Syria Endgame?
Russia’s Kurdish Card in Syria

With the United States largely sidelined in the most recent Syria peace talks, Russia and Turkey have emerged as the key powerbrokers of the Syria conflict. With a new round of peace talks forthcoming, the Russians are pushing hard to get Syria’s Kurds at the table. Rudaw:

Russia has called for the inclusion of the Kurds in the expected Geneva talks later this month, after their exclusion in previous rounds of both Geneva and Astana talks.

Russian Foreign Minister Sergey Lavrov said that his country is trying to bring the Kurds and the Syrian regime to a common ground aimed at preserving the unity of the country. […]

The Kurdish ruling Union Democratic Party (PYD) had earlier said that they had received assurances from countries including Russia, that they would attend the meetings in Geneva, a move strongly opposed by the Syrian opposition, and one of their regional backers, Turkey, which considers the Kurdish group an extension of the banned Kurdistan Workers’ Party (PKK), and therefore a terrorist organization.

The Russian push to court the Kurds follows on a statement late last week from Russia’s foreign ministry stating that Moscow did not consider the PKK and YPG to be terrorist groups. And it comes after a broader controversy over a proposal at the last Astana peace talks, when Russia reportedly introduced a draft Syrian constitution with provisions for Kurdish autonomous regions. According to Al-Monitor, the Kurdish provision was especially controversial and appeared to be a non-starter for both Turkey and Syria, with Assad’s government issuing an outright rejection of the idea of Kurdish autonomy.

Damascus and Ankara have good reason to fear the Kurds, so why is Russia pushing the idea so insistently? Although Moscow claims to be working in good faith toward an acceptable peace, its real calculation is likely much more cynical. The Russians have a long history of weaponizing the Kurds for their own geopolitical ends, as Adam Garfinkle explained in these pages last year. In 1945, for instance, the Soviets propped up a short-lived Kurdish client state, the Republic of Mahabad, as a means to subvert Iran and Turkey. In later decades, they funded and armed the PKK, while cultivating ties with their Kurdish confreres in Syria. This history is not lost on Erdogan or Assad, who fear that Russia-backed Kurdish regions would become a lever for Moscow to inflict pain and pressure on both governments, as the need arises.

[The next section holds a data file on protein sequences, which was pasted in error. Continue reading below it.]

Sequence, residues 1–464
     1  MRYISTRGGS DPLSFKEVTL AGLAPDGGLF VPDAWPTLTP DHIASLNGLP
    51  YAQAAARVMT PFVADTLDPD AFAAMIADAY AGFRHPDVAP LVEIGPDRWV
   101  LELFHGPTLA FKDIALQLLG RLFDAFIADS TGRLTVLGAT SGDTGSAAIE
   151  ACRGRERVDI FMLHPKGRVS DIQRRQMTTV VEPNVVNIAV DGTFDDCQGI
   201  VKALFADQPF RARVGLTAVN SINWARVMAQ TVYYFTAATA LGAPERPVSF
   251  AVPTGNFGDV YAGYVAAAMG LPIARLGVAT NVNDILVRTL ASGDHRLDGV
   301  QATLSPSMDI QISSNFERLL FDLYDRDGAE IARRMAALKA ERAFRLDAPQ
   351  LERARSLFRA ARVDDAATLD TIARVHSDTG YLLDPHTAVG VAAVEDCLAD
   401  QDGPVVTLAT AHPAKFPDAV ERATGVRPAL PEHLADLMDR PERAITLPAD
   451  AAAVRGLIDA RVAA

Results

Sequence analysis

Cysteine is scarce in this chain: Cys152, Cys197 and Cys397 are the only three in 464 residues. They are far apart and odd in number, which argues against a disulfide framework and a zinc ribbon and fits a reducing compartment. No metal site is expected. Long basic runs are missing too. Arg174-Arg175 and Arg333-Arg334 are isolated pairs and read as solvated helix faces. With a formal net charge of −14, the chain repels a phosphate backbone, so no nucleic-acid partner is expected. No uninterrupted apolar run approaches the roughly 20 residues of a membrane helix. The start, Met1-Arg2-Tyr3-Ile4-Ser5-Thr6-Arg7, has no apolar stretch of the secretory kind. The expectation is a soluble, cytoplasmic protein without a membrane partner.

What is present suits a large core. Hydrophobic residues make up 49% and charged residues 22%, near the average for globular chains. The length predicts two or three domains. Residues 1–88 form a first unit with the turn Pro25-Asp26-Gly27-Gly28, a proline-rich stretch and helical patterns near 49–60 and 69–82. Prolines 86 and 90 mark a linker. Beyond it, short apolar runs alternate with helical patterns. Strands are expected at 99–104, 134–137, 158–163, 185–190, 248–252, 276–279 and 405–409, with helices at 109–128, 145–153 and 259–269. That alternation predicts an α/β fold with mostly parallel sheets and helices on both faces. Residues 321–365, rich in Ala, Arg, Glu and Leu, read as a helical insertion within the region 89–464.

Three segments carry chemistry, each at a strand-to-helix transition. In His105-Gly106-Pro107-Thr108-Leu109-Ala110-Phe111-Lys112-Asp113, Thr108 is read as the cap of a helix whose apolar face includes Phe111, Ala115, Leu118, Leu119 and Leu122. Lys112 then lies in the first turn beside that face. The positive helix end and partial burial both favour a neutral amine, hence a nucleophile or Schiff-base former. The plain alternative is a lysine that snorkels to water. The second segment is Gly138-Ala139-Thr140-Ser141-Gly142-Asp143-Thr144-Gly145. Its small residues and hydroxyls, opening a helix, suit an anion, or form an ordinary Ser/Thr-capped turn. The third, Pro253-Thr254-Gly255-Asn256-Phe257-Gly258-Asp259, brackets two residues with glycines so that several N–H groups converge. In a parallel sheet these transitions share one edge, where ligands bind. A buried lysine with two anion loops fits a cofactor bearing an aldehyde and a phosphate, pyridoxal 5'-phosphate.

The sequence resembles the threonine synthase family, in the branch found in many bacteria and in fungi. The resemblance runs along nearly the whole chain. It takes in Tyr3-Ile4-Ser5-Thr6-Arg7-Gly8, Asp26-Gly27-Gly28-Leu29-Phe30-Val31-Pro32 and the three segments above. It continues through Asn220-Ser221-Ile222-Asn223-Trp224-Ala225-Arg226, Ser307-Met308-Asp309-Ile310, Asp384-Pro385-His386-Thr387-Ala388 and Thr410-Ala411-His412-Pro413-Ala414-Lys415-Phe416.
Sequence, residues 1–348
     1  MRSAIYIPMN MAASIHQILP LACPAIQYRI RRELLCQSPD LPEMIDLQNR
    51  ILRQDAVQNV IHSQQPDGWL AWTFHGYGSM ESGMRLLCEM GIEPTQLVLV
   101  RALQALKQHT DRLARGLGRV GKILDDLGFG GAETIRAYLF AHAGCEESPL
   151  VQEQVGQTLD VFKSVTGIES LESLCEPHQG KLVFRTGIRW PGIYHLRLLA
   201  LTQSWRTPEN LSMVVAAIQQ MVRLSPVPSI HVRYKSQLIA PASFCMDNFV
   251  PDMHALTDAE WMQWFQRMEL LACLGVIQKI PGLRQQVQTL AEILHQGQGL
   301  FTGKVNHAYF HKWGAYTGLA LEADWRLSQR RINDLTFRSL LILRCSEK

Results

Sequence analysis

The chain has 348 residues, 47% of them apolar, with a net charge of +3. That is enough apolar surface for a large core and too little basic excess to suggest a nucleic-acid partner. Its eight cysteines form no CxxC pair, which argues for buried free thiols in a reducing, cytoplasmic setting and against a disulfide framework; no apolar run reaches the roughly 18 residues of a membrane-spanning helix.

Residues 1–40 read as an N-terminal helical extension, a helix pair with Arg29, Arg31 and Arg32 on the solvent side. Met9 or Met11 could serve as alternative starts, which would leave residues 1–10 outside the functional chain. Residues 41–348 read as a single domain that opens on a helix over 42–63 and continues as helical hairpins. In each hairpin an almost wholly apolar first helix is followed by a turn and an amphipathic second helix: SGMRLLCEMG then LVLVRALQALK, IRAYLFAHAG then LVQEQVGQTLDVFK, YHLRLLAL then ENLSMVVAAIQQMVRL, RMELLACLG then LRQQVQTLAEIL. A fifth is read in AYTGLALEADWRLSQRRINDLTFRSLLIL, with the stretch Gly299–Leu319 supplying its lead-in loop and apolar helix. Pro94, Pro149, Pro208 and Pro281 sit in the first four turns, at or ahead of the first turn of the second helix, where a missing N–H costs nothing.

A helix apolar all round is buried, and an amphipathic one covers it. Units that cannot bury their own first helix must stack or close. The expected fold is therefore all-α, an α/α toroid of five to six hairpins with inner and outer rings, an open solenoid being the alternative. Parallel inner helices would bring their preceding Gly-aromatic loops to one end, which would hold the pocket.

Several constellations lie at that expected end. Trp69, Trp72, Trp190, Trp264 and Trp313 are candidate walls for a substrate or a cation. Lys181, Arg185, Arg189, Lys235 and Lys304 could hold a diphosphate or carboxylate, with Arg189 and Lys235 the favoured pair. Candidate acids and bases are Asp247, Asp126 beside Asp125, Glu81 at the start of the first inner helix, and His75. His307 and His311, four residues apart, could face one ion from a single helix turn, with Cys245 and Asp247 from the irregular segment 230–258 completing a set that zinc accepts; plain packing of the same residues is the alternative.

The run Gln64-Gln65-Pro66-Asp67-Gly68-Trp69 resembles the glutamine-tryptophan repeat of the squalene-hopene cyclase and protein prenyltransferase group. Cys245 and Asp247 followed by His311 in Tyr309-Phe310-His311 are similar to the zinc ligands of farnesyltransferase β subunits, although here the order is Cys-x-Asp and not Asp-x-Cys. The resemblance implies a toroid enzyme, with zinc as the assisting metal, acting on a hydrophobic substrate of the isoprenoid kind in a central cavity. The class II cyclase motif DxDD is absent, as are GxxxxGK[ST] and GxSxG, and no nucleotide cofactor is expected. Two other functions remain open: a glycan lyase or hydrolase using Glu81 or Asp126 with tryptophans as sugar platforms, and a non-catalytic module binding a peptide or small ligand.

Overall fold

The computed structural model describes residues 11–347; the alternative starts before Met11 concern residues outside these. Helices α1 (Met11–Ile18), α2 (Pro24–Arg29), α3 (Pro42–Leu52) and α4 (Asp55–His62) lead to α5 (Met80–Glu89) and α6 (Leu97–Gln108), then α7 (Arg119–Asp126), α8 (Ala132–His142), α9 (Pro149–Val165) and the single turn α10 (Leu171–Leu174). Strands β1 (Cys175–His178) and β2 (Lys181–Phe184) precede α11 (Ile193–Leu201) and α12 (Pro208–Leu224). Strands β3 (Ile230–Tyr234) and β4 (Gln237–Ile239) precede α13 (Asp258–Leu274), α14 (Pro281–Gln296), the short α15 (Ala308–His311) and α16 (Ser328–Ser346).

The Russians, of course, would not openly admit to instrumentalizing the Kurds in this way, and have denied that they want to dictate terms on Kurdish autonomy to Syria. The leaked news of their constitutional proposal, however, suggests that such schemes are very much on their minds. Syria peace talks resume next week in Kazakhstan, followed by the UN-supported talks in Geneva on February 20, so time will tell whether Russia can play the Kurdish card to its full advantage.

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